Four trash bags of chips, crackers, cookies, pretzels, potato mix, gravy mix, cake mix, cornbread mix, macaroni and cheese mix, oatmeal, sugar and grapes. No wonder my parents ended up frail and diabetic.

You need protein to build muscle, and probably most of us need to limit carbs to avoid putting on fat. L. reuteri yogurt helps build muscle, and Bacillus coagulans helps with muscle recovery. I use L. reuteri from BioGaia and B. coagulans Unique IS-2 from Culterelle. After I was rehabbing my garage in 2020 and left feeling like I'd been run over after a few hours' work, I was blown away later that year at my speedy recovery from an injury. The only thing I was doing differently was eating yogurt made with B. coagulans. 

It's hard to exercise if you're in pain. Stretches have helped me so much in eliminating TMJ pain, headaches and kinks that I've added a new YouTube channel to my video feed. SpineCare Decompression is run by a chiropractor who shows you how to relieve joint and muscle pain in minutes with stretching exercises and find long-term relief with strength training exercises. (If you don't see the video feed, click on the three horizontal lines at the top right of my blog and scroll down.) 

You can't exercise your way out of a bad diet--but you also can't diet and supplement your way to fitness (although they can help). When you lose weight, you also lose muscle and therefore strength, and research shows that makes you more prone to debilitating illnesses and injuries. Strength training is a way to lose or maintain weight and stay fit.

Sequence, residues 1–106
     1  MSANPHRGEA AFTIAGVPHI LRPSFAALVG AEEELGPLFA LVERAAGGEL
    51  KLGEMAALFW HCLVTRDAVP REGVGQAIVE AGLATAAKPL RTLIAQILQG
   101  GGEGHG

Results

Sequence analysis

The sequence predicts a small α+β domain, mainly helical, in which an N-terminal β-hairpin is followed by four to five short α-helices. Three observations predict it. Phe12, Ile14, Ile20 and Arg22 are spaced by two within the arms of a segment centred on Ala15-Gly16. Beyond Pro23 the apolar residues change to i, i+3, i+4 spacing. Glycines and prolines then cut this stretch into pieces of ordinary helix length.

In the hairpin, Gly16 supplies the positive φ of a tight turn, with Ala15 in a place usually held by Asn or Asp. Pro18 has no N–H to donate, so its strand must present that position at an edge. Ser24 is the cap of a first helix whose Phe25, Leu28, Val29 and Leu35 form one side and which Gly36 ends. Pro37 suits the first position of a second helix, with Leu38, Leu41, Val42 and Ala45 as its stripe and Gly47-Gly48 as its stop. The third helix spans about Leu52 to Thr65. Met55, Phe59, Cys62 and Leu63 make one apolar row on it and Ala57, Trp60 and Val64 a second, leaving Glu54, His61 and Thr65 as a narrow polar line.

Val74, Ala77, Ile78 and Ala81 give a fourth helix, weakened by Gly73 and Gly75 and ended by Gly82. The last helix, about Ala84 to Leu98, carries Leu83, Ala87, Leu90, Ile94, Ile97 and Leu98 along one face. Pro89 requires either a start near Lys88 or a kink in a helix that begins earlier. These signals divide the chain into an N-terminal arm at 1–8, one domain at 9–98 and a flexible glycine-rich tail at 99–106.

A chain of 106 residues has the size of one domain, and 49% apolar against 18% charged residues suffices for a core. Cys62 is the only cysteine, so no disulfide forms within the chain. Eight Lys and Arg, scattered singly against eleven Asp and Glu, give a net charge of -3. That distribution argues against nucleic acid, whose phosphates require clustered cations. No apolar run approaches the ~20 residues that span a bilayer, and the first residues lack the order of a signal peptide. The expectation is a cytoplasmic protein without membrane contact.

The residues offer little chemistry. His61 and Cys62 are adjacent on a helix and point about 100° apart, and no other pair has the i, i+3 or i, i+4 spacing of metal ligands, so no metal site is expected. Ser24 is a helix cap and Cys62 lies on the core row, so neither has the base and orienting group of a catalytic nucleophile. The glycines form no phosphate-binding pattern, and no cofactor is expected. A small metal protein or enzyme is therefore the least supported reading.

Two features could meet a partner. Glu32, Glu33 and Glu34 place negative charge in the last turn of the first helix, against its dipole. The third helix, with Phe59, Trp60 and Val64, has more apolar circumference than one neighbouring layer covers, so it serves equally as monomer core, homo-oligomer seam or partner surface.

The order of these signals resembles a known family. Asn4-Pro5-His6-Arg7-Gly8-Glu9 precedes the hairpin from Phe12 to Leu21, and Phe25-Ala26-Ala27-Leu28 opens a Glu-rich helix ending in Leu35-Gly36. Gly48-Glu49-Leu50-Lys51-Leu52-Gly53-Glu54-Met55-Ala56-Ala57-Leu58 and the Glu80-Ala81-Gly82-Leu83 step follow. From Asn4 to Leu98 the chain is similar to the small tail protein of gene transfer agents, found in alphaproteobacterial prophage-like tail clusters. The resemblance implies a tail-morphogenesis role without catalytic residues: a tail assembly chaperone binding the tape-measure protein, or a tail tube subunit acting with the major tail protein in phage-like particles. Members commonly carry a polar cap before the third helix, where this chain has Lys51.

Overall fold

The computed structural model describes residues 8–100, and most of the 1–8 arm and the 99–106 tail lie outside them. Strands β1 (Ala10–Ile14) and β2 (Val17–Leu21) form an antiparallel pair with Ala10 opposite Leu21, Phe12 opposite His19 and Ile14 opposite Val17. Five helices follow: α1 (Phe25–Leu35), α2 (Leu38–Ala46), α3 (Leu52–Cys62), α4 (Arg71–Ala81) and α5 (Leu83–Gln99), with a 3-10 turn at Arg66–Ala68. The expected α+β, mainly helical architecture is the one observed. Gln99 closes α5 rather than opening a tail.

How I train

3 sets, 8-12 reps each of upper body, core, back and lower body exercises with 10- to 25-pound dumbbells or a stability ball, repeated a second time with different exercises, twice a week. Each workout takes about an hour.

Sources

  1. Bohannon RW. Grip Strength: An Indispensable Biomarker For Older Adults. Clin Interv Aging. 2019 Oct 1;14:1681-1691. doi: 10.2147/CIA.S194543. PMID: 31631989; PMCID: PMC6778477.
  2. AI-generated content from Brave.com. Sources: Diabetes Research and Clinical Practice, Science Daily, BMC Geriatrics, American Journal of Preventive Medicine, EverydayHealth.com, and WebMD.com. https://search.brave.com/search?q=strength+training+and+blood+sugar&source=web&summary=1&summary_og=62124d6f85b214af7271e7
  3. AI-generated content from Brave.com. Sources: Nature.com, Current Physical Medicine and Rehabilitation Reports, Frontiers in Neurology, Journal of the American Medical Directors Association, and Progress in Rehabilitation Medicine. https://search.brave.com/search?q=sarcopenia+risks&source=web&summary=1&summary_og=5cbd85b0edd191f0607ae1
  4. "Why You Should Be Lifting Weights if You Have Type 2 Diabetes by K. Aleisha Fetters." EverydayHealth.com Updated on December 12, 2023. https://www.everydayhealth.com/type-2-diabetes/living-with/weight-lifting-get-strong/
  5. Strasser B, Pesta D. Resistance training for diabetes prevention and therapy: experimental findings and molecular mechanisms. Biomed Res Int. 2013;2013:805217. doi: 10.1155/2013/805217. Epub 2013 Dec 22. PMID: 24455726; PMCID: PMC3881442. https://www.ncbi.nlm.nih.gov/pmc/articles/PMC3881442/